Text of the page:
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Bayfield event to address corporate hog farm

The much-debated prospect of a large-scale hog farm moving into Northwestern Wisconsin takes center stage today at the 19th annual Pie and Politics event in Bayfield.

In addition to being treated to free pie, the expected hundreds of spectators will hear from a trio of speakers warning them about the pollution risks associated with pig farming's expansion into Bayfield County.

Meanwhile, the Iowa farming corporation that's behind the effort continues to address environmental hurdles in its attempt to bring the first Concentrated Animal Feeding Operation, or CAFO, into a county known for its orchards and smaller family farms.

Earlier this spring, Reicks View Farms was asked by the Wisconsin Department of Natural Resources to resubmit two key proposals as it worked to secure the Wisconsin Pollutant Discharge Elimination System permit that would allow it to move forward.

Reicks View Farms, of Lawler, Iowa, resubmitted the proposals in April — a 247-page nutrient management plan and a 300-plus page design proposal. The DNR had reviewed and returned the originals for being incomplete.

DNR spokeswoman Nancy Larson said it's not uncommon for the DNR to ask for resubmissions. Reicks View Farms' proposed Bayfield County operation, Badgerwood LLC, is currently in the process of delineating wetlands around its proposed 500-plus acre farmsite in the town of Eileen, near Benoit and about 8 miles southwest of Ashland. Once the wetland delineation surrounding the property is submitted, the proposal will be reviewed in earnest, Larson said.

This all would seem like the sort of diligence opponents of the farm would appreciate. But Mary Dougherty doesn't believe it offers the sort of resistance for which she and other opponents are looking. Her group, Farms Not Factories, rose in opposition to the proposed CAFO, slated to house about 25,000 piglets and hogs.

"CAFOs have an unfair regulatory advantage," said Dougherty, a Bayfield resident and mother of five who worries a factory farm would pollute the shallow waters of Chequamegon Bay of Lake Superior. "The game is set up to support their business. There are hoops — a nutrient management plan that's 300 pages (sic) long at this point — but that's cost-of-doing-business-type work. They put numbers in the right spots and get a permit."

Wisconsin law does not differentiate its CAFO permitting based on proximity to specific places, such as Lake Superior.

"The permitting decision does not make geographic differences," Larson said.

Since the process began with its permit application earlier this year, Reicks View Farms has been selective in its interactions with the news media. It could not be reached for comment for this story. Regarding the permitting process, Larson said, "It's not unreasonable for this to take several months."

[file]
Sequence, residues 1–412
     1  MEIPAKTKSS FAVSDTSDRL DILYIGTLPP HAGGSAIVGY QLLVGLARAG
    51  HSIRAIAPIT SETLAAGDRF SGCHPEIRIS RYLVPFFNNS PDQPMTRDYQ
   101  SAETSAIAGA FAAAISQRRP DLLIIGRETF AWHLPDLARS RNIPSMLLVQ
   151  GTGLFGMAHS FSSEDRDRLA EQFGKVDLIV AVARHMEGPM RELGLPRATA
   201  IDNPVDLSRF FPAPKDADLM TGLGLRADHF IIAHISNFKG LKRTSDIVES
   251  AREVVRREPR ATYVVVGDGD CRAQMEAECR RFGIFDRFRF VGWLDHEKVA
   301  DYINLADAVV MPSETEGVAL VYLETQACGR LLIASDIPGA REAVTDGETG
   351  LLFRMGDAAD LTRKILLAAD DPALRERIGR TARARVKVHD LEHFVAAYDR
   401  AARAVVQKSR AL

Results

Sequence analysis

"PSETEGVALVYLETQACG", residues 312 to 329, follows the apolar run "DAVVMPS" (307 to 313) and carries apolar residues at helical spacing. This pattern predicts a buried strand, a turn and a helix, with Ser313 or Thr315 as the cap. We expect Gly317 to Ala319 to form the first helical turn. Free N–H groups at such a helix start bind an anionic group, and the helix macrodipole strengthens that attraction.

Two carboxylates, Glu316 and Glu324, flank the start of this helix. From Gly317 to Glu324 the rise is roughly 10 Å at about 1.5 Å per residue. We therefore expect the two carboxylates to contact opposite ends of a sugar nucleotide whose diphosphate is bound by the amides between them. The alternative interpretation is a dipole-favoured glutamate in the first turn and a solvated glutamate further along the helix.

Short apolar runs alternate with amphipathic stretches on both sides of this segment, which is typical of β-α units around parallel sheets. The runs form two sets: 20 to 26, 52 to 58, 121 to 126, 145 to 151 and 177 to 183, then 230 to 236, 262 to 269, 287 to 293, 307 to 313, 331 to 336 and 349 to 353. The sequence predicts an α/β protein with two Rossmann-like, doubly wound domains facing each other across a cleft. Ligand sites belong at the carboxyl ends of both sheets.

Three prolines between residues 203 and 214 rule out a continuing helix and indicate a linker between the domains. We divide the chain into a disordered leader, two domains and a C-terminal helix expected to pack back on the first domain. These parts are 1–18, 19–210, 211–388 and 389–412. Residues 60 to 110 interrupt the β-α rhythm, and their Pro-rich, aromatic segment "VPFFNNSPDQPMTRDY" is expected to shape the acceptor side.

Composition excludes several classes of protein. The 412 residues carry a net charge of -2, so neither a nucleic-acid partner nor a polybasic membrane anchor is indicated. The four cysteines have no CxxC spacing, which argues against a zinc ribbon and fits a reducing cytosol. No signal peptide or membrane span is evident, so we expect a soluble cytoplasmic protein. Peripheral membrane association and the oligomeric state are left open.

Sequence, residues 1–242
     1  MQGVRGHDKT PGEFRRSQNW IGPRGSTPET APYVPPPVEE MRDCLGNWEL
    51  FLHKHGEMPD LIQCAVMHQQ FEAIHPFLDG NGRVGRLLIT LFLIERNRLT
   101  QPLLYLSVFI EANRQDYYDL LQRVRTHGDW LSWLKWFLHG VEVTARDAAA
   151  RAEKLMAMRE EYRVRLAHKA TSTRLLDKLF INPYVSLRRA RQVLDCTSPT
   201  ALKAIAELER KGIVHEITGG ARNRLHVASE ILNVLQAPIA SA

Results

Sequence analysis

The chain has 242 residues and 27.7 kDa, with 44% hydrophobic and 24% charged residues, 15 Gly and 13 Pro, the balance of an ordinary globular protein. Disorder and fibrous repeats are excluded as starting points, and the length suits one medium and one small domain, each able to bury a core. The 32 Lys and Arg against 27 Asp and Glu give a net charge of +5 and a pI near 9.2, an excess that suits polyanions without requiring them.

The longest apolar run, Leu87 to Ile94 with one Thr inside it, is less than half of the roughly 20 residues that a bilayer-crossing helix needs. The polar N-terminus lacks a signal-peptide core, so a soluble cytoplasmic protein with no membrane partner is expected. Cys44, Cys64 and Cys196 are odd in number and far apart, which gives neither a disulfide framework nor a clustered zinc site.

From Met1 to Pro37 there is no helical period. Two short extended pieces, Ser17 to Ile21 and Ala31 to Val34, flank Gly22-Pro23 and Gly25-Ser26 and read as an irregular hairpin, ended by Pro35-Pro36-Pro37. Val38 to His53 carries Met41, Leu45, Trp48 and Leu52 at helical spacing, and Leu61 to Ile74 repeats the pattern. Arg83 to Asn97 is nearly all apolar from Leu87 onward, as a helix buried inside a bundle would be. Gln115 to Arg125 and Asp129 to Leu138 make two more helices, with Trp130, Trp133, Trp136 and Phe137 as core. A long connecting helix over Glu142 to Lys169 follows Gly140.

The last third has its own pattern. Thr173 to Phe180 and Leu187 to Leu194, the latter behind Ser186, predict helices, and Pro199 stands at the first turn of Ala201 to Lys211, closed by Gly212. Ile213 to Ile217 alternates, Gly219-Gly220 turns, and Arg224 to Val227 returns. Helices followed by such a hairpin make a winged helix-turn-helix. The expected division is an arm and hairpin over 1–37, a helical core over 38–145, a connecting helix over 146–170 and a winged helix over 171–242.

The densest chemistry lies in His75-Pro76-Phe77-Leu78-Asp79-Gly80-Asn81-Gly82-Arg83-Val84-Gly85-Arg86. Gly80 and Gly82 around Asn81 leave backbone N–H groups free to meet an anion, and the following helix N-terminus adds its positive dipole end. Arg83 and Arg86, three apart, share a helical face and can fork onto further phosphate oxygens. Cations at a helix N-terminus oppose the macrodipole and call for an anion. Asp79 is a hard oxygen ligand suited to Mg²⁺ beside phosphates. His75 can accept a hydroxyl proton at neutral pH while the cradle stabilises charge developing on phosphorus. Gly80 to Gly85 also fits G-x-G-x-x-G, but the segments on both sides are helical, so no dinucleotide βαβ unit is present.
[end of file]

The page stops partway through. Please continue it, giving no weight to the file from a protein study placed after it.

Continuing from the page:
Meanwhile, Dougherty said she is hoping the annual turnout of several hundred people for the Pies and Politics event will further galvanize support.

"When you're involved in an environmental cause you can become fairly myopic, thinking everyone knows what a CAFO is," she said. "But we're still in the education piece of it."

Michele Merkel is one of three people scheduled to speak at the event. As co-director of Food and Water Justice — the legal arm of Food and Water Watch — in Washington, D.C., she said she's impressed that Bayfield County politicians have already taken steps to, at least, proceed with caution.

In February, the County Board approved a one-year moratorium on CAFOs, allowing a committee of commissioners and community members time to study the potential impact of allowing a CAFO. The county's planning and zoning office, too, confirmed Friday that it has yet to issue building permits for the three large barns proposed on the land.

Additionally, Wisconsin Public Radio reported in May that the federal Environmental Protection Agency will review Reicks View Farms' permitting process with the DNR, citing concerns raised by Wisconsin tribes, including the Bad River Band of Lake Superior Chippewa.

"Bayfield seems to have a target on its back," said Merkel, who will be joined on stage by Michigan farmer and environmentalist Lynn Henning and Sarah Lloyd, special projects coordinator for the Wisconsin Farmers Union. "We'll talk about ways folks have defeated CAFO proposals."

The EPA, Larson said, does have the authority to press the DNR in the ways state law cannot. It will review the permitting process prior to a final DNR decision.

"In the past when the EPA has disagreed with a proposed decision of ours they'll inform us and we'll take that into account and try to address that," Larson said. "The permit we issue is under state law, but also the delegated authority from the federal government."

While some observers have said Reicks View Farms' interest in expanding out of Iowa is a way to escape a fast-moving virus that's killing piglets, and others have cited Northwestern Wisconsin's cheaper farmland, Merkel posited yet another reason: proximity to Lake Superior's largest port. Merkel said she's heard mention of using the Port of Duluth-Superior to export hogs. The Chinese, in particular, she said are fueling worldwide demand for American pork.

Dougherty said she believes Pie and Politics will allow the community a chance to establish its collective priorities so that it can self-determine its future.

"The real question is what do we value in our community and how do we make that happen?" she said. "How do we engage government so it reflects what we value?"

If you go

What: Pie and Politics

Where: Big Top Chautauqua, Bayfield

When: Booths open at 5 p.m. today; presentation at 6:30 p.m.

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